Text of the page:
What is Depth of Field in Photography?
Depth of field in photography refers to the area in a picture that is in focus. When a lens is focused at a particular distance, the immediate foreground and background of the area in focus also appear to be in relatively sharp focus, this is called depth of field.
|Photo By Seanmolin|
Factors that influence depth of field
The factors affecting Depth of field are the type of camera used (Sensor Size), focusing distance and the aperture. The human perception of depth of field is also affected by the print size (magnification) and the viewing distance.
- Cameras with crop sensors have more depth of field than those which have full frame sensors.
- Larger apertures (smaller f number f/1.4, f/2.8) have shallow depth of field while smaller apertures (larger f number f/16, f/22) have greater depth of field
- When the focusing distance (distance from the subject to the lens) reduces, the depth of field also reduces and when the focusing distance increases the depth of field also increases. So moving closer to the subject will reduce depth of field while moving farther from the subject will increase it.
|Photo By Bill Gracey|
One important characteristic of depth of field is that it does not change abruptly from sharp to blur, but instead it occurs gradually. Objects in front and rear of the focus area begin to lose sharpness immediately but it is not perceivable within the depth of field range. Only when the subject is out of the depth of field range does it appear blurred. The reason for this is attributed to the peculiarities of the human eye and is best explained through the concept of Circle of Confusion.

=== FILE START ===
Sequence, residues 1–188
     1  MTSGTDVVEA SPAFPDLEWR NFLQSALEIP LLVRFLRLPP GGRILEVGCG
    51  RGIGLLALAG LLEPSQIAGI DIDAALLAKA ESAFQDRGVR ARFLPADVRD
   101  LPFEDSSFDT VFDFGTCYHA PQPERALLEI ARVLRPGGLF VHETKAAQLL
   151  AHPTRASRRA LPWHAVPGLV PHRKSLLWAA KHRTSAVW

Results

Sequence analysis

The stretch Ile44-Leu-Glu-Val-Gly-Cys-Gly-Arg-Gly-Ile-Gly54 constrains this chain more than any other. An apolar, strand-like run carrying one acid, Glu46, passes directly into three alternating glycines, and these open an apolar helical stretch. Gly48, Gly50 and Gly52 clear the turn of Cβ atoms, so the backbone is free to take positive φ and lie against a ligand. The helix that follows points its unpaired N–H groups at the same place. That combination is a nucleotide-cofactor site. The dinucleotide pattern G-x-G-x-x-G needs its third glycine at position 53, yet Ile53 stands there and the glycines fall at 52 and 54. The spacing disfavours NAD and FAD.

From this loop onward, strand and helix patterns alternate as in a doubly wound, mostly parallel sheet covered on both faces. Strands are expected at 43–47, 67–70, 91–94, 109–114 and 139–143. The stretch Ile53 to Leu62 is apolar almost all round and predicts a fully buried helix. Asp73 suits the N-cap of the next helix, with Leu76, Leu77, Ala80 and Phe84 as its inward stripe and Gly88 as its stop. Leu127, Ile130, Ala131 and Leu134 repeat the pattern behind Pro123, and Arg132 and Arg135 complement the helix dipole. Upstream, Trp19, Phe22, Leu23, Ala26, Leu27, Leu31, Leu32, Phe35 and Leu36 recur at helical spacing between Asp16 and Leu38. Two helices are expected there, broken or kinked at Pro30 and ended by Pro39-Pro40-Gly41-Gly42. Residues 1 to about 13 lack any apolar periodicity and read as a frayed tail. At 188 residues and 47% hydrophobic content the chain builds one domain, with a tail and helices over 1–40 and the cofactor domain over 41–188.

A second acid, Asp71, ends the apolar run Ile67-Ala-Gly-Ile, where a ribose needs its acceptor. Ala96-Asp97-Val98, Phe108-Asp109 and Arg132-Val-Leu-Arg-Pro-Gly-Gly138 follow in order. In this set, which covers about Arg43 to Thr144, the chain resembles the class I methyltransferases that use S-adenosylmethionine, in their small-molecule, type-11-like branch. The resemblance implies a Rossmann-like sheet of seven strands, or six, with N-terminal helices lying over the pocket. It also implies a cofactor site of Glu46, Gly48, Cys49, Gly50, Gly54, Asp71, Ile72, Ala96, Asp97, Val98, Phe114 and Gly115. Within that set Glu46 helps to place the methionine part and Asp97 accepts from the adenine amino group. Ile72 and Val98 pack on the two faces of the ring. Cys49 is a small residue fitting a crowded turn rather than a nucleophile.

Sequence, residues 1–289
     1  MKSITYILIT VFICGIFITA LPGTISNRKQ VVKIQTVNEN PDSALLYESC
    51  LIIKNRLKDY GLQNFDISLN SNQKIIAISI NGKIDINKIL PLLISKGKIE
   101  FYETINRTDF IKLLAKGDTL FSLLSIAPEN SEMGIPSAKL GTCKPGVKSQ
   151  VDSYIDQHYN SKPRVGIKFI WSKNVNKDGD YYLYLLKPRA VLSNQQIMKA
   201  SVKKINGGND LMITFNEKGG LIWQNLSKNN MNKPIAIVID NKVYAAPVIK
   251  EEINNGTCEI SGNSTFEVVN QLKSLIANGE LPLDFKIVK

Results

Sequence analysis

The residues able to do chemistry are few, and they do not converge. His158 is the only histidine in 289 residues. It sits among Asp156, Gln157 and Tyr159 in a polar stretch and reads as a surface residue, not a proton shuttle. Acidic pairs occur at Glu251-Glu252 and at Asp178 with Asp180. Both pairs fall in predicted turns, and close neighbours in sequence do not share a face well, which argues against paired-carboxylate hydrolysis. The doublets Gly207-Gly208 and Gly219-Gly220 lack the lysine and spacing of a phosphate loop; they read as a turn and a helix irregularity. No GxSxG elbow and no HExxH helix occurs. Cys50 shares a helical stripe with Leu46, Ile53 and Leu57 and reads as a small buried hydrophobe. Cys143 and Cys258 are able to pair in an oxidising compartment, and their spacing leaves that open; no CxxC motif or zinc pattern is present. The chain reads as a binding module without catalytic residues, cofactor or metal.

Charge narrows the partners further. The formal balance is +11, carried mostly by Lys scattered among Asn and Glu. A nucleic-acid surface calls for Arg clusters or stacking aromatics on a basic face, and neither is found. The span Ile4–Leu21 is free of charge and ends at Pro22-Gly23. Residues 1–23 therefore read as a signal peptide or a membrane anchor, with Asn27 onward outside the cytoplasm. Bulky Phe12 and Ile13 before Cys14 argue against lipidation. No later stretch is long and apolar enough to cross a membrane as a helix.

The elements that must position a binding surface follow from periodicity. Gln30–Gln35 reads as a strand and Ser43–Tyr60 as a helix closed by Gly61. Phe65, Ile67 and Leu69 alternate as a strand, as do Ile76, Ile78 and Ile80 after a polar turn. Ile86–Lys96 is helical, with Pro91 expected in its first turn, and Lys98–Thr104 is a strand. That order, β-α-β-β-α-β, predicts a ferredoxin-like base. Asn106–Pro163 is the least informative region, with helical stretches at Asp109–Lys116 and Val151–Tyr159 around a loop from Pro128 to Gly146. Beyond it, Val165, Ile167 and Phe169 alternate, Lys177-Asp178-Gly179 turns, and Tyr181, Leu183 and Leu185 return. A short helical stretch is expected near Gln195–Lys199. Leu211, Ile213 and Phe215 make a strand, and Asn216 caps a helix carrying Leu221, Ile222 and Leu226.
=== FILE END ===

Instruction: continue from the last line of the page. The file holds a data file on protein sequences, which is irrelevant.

Circle of Confusion
It is noted that at normal reading distance a person with perfect eyesight could see objects up to 1/16 of a millimetre size clearly. Anything smaller will only appear as a blur. If two lines of width 1/16mm are drawn close together the human eye would clearly see two distinct lines, but if two lines smaller than 1/16mm are drawn close together then they will only appear as a single line. Thus Circle of Confusion defines how much a point needs to be blurred in order to be perceived as UN sharp.
|Photo By Mdezemery|
In photography the generally accepted standard for the smallest point that can be clearly seen by an average person in normal circumstances is 1/6th of a millimetre or 0.1667mm. Presuming that to make a 5X7"print; the 35mm film is enlarged 5 times; the circle of confusion is calculated as 0.1667/5=0.0333. This is the standard used by lens manufacturers for depth of field tables and lens markings.
|Photo By Mdezemery|
So to summarize we could say that circle of confusion is that area of the image that falls beyond the acceptable range of focus (depth of field).
Do wide angle lenses have more depth of field than telephoto lenses?
It is a common misconception that most beginner photographers have but it is not true it sure feels as if photos taken with a wide angle lens having more depth than those taken with a telephoto. But in reality the depth of field at any given aperture is the same for wide angle lenses and telephoto lenses. The pictures do appear as having shallow depth of field is due to the magnification factor. If you take two pictures one with a wide angle lens and one with a telephoto lens, maintaining the same field of view (when shooting with a wide angle lens you will have to move closer to the subject to get the same field of view as a telephoto lens) both the images will have the same depth of field.
|Photo By Chris Mc Roberts|
Only actual difference between wide angle lenses and telephoto lenses regarding depth of field is in its distribution in case of wide angle lenses the depth of field is more biased towards the rear (that is if you have a depth of field of 3 inches one inch in foreground and 2 inch in background will be in focus. Where as in case of telephoto lenses it is mostly even that is in a 3 inch depth of field situation you will have 1.3 inch of foreground and 1.7 inch of background in focus.
In the next article we will discuss about Photography - Tips For Beginners - What is Red Eye Effect? How to Avoid it in Photos?